Brain Injury, Caregivers, marriage, relationships

It’s About You

Recently I was chatting with a woman I’ve met through a support group and asked how she was faring. Her response was that it was hard to accept the now usual state of their marital relationship. In other words, living with her spouse with a brain injury had brought limitations into the relationship that weren’t present otherwise. On its own, the marital relationship is often fraught with the natural challenges of interacting with another person. Doing marriage well as a healthy, fully functioning human being is something that requires effort, dedication, and an intention to seek harmony. When you add the limitations of someone whose inner and outer awareness has been compromised, it’s almost like you’re tempting fate. How can it possibly work well for the health of the couple when things can get so unbalanced? And what can be done to maintain a unified feeling of Us in the relationship when often the attention is on the injured spouse when in fact the relationship has been injured as well.

That was a question we pondered together. For her, it meant being sure to really take time for herself every day. That is not always an easy task to accomplish, even if the injured spouse is high functioning and doesn’t need constant attention as is the case for us. As high functioning as our spouses may be, we are still the lead in the relationship and are the ones to pick up the slack in everything from chores, health, finances, and just life in general. It’s hard for us to feel like women when we have both roles to play despite having a husband. I have had people, even once a counsellor, who try to tell me it’s the same with their perfectly healthy husbands. It’s not. If we left our husbands to their own, they’d eventually end up homeless or in the hospital or worse.

So, taking time to ourselves is actually essential to the overall health of both of us. One spouse commented that she’d just like to go away and be alone. Taking time for ourselves says to us that we matter in the relationship. And who better than ourselves to recognize and honour our value. I’ve realized that when I feel better about me because I’ve taken time to myself to quiet my mind and do things that restore me, then I find I have more grace in our relationship. Having lived through times where due to the effects of his injury I was emotionally bankrupt in our relationship, I had nothing to offer him either. Recognizing that there are new limits in emotional capacity means understanding that we can’t rely a lot on our spouse to be that source for us like they may have been before. And being okay with that.

While we know it’s unrealistic to expect any person, whether they are spouse, friend, or sibling to be everything to us at all times, it can sometimes feel awkward to seek the time and resources to take care of ourselves. At first it might even feel like there is a glimmer of betrayal in the act. If we don’t though, we gradually have less and less to offer, and soon what we do give is out of resentment, not love.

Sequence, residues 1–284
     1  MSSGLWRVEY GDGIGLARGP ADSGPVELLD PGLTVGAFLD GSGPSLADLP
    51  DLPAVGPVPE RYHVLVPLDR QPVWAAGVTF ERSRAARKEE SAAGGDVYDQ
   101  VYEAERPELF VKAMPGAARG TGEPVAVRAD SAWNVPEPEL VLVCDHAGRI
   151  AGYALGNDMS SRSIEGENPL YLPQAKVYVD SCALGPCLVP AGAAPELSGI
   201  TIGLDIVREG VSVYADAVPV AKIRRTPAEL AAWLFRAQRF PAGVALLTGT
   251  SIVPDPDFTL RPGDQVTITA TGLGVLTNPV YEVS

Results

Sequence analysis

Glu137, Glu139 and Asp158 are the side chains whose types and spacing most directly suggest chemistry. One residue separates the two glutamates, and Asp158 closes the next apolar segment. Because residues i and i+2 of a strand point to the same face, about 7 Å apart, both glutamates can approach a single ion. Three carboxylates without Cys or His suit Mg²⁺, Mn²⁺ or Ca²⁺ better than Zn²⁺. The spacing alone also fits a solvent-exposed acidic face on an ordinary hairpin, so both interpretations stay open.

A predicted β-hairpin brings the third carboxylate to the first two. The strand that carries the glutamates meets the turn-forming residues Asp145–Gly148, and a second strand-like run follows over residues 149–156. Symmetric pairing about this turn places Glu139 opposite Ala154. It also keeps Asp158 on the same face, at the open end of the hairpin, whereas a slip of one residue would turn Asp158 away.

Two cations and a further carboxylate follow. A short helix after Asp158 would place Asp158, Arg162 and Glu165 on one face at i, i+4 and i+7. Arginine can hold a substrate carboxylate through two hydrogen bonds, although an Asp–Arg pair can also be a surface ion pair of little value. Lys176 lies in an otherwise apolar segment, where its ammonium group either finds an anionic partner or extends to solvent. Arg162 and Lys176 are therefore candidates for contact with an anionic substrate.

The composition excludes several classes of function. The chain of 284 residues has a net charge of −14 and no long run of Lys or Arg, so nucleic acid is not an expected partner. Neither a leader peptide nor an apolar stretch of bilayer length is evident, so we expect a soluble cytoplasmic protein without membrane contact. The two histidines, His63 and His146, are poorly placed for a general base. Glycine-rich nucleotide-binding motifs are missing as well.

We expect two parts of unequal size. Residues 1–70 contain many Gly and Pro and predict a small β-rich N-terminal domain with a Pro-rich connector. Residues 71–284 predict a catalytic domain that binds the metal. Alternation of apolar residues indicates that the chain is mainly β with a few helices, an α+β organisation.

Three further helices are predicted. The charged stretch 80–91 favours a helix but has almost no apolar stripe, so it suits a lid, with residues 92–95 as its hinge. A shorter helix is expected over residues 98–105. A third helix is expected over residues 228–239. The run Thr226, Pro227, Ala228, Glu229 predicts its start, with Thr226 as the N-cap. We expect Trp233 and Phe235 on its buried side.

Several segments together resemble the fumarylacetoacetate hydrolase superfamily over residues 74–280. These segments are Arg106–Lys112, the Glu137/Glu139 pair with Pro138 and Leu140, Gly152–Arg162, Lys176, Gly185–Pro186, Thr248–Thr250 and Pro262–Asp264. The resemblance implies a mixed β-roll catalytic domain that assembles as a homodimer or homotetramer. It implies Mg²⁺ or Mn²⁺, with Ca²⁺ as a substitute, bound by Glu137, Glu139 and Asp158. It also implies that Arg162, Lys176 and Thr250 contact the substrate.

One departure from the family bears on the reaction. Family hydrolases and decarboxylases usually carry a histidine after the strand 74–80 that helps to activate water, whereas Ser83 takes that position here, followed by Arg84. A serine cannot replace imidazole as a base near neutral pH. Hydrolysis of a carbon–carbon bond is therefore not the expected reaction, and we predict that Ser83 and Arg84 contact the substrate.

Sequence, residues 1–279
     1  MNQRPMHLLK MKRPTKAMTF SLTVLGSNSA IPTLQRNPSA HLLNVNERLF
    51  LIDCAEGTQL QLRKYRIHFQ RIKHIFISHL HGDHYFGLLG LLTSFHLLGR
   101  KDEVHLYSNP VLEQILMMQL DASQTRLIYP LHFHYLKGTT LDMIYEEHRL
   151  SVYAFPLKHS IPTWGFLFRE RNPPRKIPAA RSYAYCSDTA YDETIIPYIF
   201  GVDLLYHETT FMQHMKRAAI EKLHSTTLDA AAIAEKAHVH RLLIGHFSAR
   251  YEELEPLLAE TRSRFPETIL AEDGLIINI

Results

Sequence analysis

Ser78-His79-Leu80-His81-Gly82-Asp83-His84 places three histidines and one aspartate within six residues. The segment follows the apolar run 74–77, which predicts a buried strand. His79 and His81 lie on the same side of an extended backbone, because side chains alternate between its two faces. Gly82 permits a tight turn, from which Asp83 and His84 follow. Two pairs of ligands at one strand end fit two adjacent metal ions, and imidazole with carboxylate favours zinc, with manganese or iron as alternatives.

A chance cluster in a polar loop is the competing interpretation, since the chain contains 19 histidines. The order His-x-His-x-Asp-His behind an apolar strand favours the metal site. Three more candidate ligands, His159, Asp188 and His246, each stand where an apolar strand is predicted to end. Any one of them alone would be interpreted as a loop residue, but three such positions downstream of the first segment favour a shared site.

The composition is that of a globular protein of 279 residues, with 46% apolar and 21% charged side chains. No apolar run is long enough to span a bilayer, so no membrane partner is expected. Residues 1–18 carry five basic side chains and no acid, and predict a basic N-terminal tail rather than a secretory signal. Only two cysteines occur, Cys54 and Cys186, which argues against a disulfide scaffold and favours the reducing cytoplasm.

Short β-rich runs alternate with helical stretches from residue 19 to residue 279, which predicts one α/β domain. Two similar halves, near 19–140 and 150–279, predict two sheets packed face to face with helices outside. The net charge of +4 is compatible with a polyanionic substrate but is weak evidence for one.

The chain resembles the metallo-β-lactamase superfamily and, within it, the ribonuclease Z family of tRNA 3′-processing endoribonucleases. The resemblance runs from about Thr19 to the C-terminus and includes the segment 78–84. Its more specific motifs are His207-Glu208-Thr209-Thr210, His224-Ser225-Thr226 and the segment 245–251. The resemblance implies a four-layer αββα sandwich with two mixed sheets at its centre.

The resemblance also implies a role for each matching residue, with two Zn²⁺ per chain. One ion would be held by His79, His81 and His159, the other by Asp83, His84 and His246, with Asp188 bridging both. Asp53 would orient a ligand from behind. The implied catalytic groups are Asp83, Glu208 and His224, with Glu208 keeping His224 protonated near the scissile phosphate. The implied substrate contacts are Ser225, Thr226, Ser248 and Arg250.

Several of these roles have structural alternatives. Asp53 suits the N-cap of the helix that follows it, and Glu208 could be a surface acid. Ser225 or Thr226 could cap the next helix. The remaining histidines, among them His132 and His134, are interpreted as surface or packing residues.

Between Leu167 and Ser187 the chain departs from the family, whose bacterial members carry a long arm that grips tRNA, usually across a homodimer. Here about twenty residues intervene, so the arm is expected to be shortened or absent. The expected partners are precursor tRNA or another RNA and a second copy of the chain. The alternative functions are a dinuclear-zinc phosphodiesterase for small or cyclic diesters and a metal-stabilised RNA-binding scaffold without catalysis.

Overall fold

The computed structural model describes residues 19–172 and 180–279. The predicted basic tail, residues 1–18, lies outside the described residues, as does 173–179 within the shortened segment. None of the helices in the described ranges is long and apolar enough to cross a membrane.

The injury to the brain has many consequences for the married relationship. There may only be one party with a physical or mental impairment, but the effects travel like unseen radio waves into all aspects of the marital relationship. Remembering that it’s not all about the one who has the condition is a start. As the healthy spouses, we matter just as much. Secondly, the Us of the present and future matters. We owe it to our relationship to ensure we are emotionally, mentally, and physically healthy ourselves. In the face of all we encounter each day as we walk the path of living with and loving someone with an invisible disability, we must nurture our own self worth by taking care of our needs for restoration. Just as the body has undergone some healing after the brain injury, the relationship of the marriage will need time and space to heal, and we can help it by taking time for our own emotional rejuvenation.

I’d love to hear from others and how they take care of themselves in the midst of their changing relationship. My hope is that we can help each other with ideas and encouragement.

Uncategorized

The Unexpected Guest of Compassion

A few months ago, December 1 to be exact, I stood in my world feeling intense uncertainty. It was the feeling of knowing that change was the only option, but the unknown on the other side of that decision held me captive in fear. I imagine many people can relate to being suffocated by our own feelings of judgement for the unfavourable situations we sometimes find ourselves in. We think to ourselves that if only we were better at this, or better at that, or if we could somehow be different, we wouldn’t have found ourselves with our backs to the wall, needing to make a change out of the essential need for self-preservation. There is nothing glamorous about self preservation as there is with going after something our heart has always desired. It’s purely the human need to ensure our mental and emotional survival.